Just listen to the themes of prime-time television shows. The Simpsons, the longest running television show of all time, is an excellent example. The theme seems, at first listen (to a classically trained ear), to be a slightly quirky take on a major scale. Now, that’s not a bad way of hearing it, as it turns out. The theme IS a major scale, with the 4th raised a semitone, and the 7th lowered a semitone. Looking at it another way, The Simpsons’ theme uses the melodic ascending pattern starting on the 4th degree.

This is a really cool scale!  The raised 4th (in common with the Lydian mode) expresses a high-energy optimism, while the the flattened 7th (in common with the Mixolydian mode) expresses a laid-back approach to life. Six Feet Under also uses this pitch pattern at the start of its distinctive theme.

Desperate Housewives uses the Lydian mode (major scale with the 4th raised). Then there are the themes in the Dorian mode (major scale with the 3rd and 7th flattened). American Beauty and The Sopranos are two of the many films and tv shows that have been accompanied by music in this off-the-educational-menu scale.

And that’s without getting into popular and dance musics where variants on the harmonic minor scale (particularly starting on the 5th degree) have been becoming increasingly common over the past decade, and where the mixolydian mode (major with the 7th flattened) has really been the norm for nearly 50 years.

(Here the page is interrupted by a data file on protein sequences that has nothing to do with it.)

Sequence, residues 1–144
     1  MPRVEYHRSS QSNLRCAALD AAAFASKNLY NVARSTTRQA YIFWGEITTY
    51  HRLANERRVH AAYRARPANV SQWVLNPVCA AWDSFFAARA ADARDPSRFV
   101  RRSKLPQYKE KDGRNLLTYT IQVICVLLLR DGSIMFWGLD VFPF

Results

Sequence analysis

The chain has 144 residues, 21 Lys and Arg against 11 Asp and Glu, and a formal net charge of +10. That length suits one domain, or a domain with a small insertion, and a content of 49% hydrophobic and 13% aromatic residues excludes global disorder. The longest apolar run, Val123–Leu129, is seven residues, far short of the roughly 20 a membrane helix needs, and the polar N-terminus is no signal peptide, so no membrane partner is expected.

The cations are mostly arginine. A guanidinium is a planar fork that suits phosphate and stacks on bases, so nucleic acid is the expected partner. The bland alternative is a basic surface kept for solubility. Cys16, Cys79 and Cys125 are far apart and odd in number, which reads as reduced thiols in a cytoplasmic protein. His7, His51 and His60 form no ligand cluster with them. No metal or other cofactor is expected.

Why don’t we teach these scales? The goals of strength, velocity, agility and control could be just as easily achieved while playing these patterns as any of our traditional scales. In fact, by teaching more patterns, one would think that technical skills could be positively reinforced.

So why don’t we do it?

It comes back to that earlier point that scales teach us how to hear, and piano teachers have been in the business of teaching students how to hear music written in a classical style (let’s say from about 1720 to the mid 1800s) since piano teaching began. Teaching students how to hear the music of Bartok or the blues (both past their centenaries) hasn’t been all that high on our professional agenda. Even the music of Debussy still seems harmonically brave and adventurous nearly 100 years after his death, and that’s because we haven’t learned how to hear it, how to be inside the pitch patterns that are the foundations of his work.

We (piano teachers) need to recognise that scales are propaganda – they teach our students what to hear, what to ignore, what to write off and what to value.  And rather than just keeping on doing things the way we always have, we need to start actively introducing our student to the patterns that permeate their iPod playlists, these new scale-codes that decipher contemporary composition, and these new keys to understanding the music of their time.

10 thoughts on “Scales as propaganda

  1. Thank you for your wicked scales:) When I started teaching my very first student I was Pained by the thought of spending a year in C major bland-land. So I wrote a pile of pieces in the modes I like. And now these form the backbone of my beginner musician course. Then I felt the weight of history; the AMEB, the Experts… so I composed a couple in C major.

    Interestingly, the only students (of mine)who have ever composed in the major mode (usually C major) have come from other teachers. So yes, modal diet is very influential, and that’s a big responsibility.